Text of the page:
Death of the apical shoot and subsequent compensatory growth from previously inhibited axillary buds is a possible result of POST weed control practices. The objective of this research was to determine the efficacy of glyphosate and lactofen on ivyleaf morningglory, common waterhemp, and giant ragweed during mechanically stimulated compensatory growth. Plants were grown in the greenhouse to a height (or lateral growth) of 15 cm; at which time, the apical shoots were removed by cutting just above the cotyledonary node. Plants were allowed to regrow to 15 cm and treated with lactofen or glyphosate. Herbicide treatments were also applied to intact plants that were 15 cm in height for comparison. Weed response to herbicides during mechanically stimulated compensatory growth varied by weed species and herbicide. Giant ragweed under compensatory growth was less sensitive to both glyphosate and lactofen compared with intact plants. Comparison of GR50 (the herbicide dose that reduced dry weight by 50%) values indicated that ivyleaf morningglory under compensatory growth was 1.5 times more sensitive to glyphosate than intact plants. Conversely, previously injured ivyleaf morningglory plants were less sensitive to lactofen than intact plants. The GR50 for glyphosate applied to intact common waterhemp plants and plants under compensatory growth was similar. However, common waterhemp plants under compensatory growth were more sensitive to lactofen at the three lowest rates evaluated compared with intact plants. In summary, the efficacy of foliar herbicides applied to weeds that exhibit compensatory growth may be different from weeds under a normal growth state.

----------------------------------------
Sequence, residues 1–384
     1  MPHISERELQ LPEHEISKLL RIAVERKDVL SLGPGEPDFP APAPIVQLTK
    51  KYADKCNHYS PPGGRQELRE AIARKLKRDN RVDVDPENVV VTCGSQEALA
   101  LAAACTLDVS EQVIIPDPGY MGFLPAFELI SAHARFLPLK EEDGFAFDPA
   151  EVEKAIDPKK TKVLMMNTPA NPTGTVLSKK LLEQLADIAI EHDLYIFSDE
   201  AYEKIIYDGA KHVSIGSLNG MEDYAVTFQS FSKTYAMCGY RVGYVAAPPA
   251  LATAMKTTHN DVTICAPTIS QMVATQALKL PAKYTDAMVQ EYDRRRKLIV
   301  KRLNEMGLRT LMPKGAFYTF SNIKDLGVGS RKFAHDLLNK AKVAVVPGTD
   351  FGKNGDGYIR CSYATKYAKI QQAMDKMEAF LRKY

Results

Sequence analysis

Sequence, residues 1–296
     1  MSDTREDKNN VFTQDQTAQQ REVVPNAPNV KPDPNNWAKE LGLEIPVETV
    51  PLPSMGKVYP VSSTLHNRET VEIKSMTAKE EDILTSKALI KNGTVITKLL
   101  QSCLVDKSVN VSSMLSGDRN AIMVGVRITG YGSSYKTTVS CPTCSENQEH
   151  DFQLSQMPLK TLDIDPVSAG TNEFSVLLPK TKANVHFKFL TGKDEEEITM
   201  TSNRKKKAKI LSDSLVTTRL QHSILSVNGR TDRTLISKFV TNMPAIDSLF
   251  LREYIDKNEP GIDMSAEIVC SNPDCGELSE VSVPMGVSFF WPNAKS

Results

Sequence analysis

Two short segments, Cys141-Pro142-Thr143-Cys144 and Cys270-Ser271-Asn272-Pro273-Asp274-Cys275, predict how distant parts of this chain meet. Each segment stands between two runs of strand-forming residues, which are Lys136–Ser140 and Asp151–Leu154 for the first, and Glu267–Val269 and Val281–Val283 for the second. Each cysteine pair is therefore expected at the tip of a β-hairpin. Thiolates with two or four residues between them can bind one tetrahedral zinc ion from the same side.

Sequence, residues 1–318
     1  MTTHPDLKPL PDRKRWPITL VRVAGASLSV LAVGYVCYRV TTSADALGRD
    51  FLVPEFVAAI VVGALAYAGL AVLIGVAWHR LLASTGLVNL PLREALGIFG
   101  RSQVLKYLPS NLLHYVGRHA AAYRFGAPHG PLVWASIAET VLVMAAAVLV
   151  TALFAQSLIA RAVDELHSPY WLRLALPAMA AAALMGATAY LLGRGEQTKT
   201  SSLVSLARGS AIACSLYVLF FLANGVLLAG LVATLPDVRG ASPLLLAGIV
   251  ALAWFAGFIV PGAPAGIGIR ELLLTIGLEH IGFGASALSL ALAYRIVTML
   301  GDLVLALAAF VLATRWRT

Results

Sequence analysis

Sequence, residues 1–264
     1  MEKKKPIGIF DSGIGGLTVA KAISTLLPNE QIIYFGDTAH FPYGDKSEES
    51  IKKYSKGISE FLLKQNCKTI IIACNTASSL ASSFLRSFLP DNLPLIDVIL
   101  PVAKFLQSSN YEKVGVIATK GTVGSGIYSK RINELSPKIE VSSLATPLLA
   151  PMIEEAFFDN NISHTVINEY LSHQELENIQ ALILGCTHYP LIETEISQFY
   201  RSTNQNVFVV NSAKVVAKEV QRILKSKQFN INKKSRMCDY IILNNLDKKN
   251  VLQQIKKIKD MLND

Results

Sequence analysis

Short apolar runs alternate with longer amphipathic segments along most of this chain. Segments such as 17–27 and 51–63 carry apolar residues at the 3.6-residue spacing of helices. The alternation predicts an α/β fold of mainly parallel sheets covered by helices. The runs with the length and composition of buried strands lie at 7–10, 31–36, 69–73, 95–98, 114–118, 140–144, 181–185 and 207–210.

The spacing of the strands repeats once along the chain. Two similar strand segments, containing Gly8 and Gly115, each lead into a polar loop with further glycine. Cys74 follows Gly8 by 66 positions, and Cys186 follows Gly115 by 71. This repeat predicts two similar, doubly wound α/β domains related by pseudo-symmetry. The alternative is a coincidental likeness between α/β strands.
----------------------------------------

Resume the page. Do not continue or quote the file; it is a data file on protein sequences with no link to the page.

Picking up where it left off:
Nomenclature: Glyphosate; lactofen; common waterhemp, Amaranthus rudis Sauer AMATA; giant ragweed, Ambrosia trifida L. AMBTR; ivyleaf morningglory, Ipomoea hederacea (L.) Jacq. IPOHE.